Want to discover opportunities opening up for young women in science? Hear from three inspirational women in science at a breakfast event in Dunedin on Tuesday 3 July, 2012 as part of the 2012 New Zealand International Science Festival.
Sponsored by the British High Commission, speakers at the breakfast include Professor Christine Winterbourn, Professor Helen Nicholson and Angela Clark who will be discussing their careers and opportunities today for young women in science. The event will be hosted by British High Commissioner Vicki Treadell and the event will feature an informative and lively programme.
"The British High Commission is delighted to support the New Zealand International Science Festival in Dunedin."
"For centuries, Great Britain has been a world leader in innovation. Britain has won 76 Nobel prizes in science and technology. Britain is home to 4 of the world's top 10 Universities. And London 2012 will be the world's first truly sustainable Olympics and Paralympics, featuring iconic sports venues that have set new standards in sustainable engineering, construction and design. So there is no better time than now for Great Britain to promote the wonders of science," says Vicki Treadell, British High Commissioner.
Festival director Chris Green says the breakfast will showcase exciting opportunities for young women interested in pursuing science-related careers:
"Thanks to the British High Commission we have been able to secure some truly inspirational speakers for this event - they will give attendees an invaluable insight into their own experiences and help young students or graduates in considering the next steps in their careers."
Prof Christine Winterbourn is a biochemist who holds a personal chair in the Pathology Department at the Christchurch School of Medicine, where she has worked since 1971. She directs the Free Radical Research Group, which is supported by a programme grant from the Health Research Council. She was born in Auckland, has an MSc in chemistry from the University of Auckland and a PhD in biochemistry from Massey University. She has a distinguished record of achievement in her field. In 2011 she received New Zealand's highest scientific award, the Royal Society of NZ's Rutherford Medal. She was elected a Fellow of the Royal Society of NZ in 1988, won the New Zealand Association of Scientists Marsden Medal in 1996, was awarded a Massey University 75th Anniversary Medal in 2002, received the University of Otago Distinguished Research Medal in 2004 and the Society for Free Radical Research (International) Trevor Slater Award for lifetime achievement in 2008. In 1997 she became an Officer of the New Zealand Order of Merit. She was a member of the Biomedical Research Committee of the Health Research Council when it was established in 1991, and served a term as chair of the committee and a member of the council. Prof Winterbourn was recently awarded the Companion of the New Zealand Order of Merit (CNZM) in the Queen's Birthday Honours List.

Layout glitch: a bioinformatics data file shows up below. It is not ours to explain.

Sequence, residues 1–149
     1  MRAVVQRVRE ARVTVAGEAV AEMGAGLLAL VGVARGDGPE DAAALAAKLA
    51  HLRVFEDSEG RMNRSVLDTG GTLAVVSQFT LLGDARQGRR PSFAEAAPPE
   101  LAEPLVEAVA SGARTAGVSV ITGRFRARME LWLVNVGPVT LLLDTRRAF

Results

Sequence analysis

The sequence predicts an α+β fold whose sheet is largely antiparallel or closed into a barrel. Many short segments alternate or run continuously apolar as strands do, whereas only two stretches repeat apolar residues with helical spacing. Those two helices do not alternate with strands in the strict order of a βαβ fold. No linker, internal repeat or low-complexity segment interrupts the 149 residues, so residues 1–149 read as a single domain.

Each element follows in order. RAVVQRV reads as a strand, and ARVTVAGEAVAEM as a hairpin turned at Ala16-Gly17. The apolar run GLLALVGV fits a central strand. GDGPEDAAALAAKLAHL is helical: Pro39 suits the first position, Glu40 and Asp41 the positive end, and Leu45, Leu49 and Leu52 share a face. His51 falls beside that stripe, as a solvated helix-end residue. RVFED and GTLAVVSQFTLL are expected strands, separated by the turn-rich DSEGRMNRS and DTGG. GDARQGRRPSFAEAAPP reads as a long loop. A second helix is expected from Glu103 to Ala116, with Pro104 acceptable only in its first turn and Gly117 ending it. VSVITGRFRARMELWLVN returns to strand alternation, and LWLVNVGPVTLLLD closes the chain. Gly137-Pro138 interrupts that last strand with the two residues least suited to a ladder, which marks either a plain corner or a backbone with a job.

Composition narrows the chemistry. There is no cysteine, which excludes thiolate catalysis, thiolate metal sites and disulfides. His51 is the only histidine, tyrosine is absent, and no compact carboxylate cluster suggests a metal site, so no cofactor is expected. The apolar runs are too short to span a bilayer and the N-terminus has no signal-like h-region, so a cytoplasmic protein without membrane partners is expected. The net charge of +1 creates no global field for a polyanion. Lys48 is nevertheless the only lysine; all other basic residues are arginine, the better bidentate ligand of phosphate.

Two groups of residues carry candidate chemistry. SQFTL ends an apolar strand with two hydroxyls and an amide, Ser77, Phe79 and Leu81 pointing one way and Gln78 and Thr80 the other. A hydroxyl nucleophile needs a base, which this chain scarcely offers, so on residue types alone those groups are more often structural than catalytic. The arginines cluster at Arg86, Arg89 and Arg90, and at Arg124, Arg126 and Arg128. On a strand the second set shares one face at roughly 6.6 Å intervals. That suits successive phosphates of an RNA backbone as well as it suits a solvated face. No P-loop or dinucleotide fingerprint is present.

Prof Helen Nicholson was appointed to a chair in anatomy in 2000 at the University of Otago and served as head of the Department of Anatomy from 2003 to 2007, when she became the second dean of the Otago School of Medical Sciences. In 2011 Helen was seconded as the acting DVC Research from June-December. In 2012 she was appointed as deputy PVC Health Sciences in addition to her role as dean. Helen continues to be an active researcher who also has strong interests in medical teaching and curriculum development. Helen was a founding member, and founding president, of ANZACA (Australian and NZ Association of Clinical Anatomists). She is on the board of NZGL (NZ Genomics Ltd), is an executive member of the NZISF (NZ International Science Festival), and serves on the executive of the International Federation of Associated Anatomical Societies. She is a member of the Winston Churchill Memorial Trust Board, is on the editorial board of 4 international anatomy journals and was the co-producer of the critically acclaimed television documentary "Donated to Science".
Angela Clarke is a British graduate from the University of Bradford and is currently enrolled in a PhD program with the University of Otago. She is working on a thesis entitled: 'An Investigation of Sexual Dimorphism at the Intensification of Agriculture in Prehistoric Thailand'. Angela Clark is an experienced bioarchaeologist examining changes in the health of prehistoric people living nearly 4000 years ago in Thailand through skeletal and archaeological analysis. She has many hours of experience in teaching, demonstrating and tutoring small groups in biological anthropological techniques and human evolutionary theory. Angela has been involved in archaeological excavations in the UK, Thailand and Peru and moved to Dunedin in June 2009 to undertake her current PhD research.
This event is exclusively sponsored by the British High Commission. Tickets cost $20 (single); booking is essential as numbers are limited. The breakfast will take place on Tuesday 3 July, starting at 8.30am to finish at 9.30am, and will be held at Technique Restaurant, Otago Polytechnic, Harbour Terrace, Dunedin. Booking details are available online at www.scifest.org.nz
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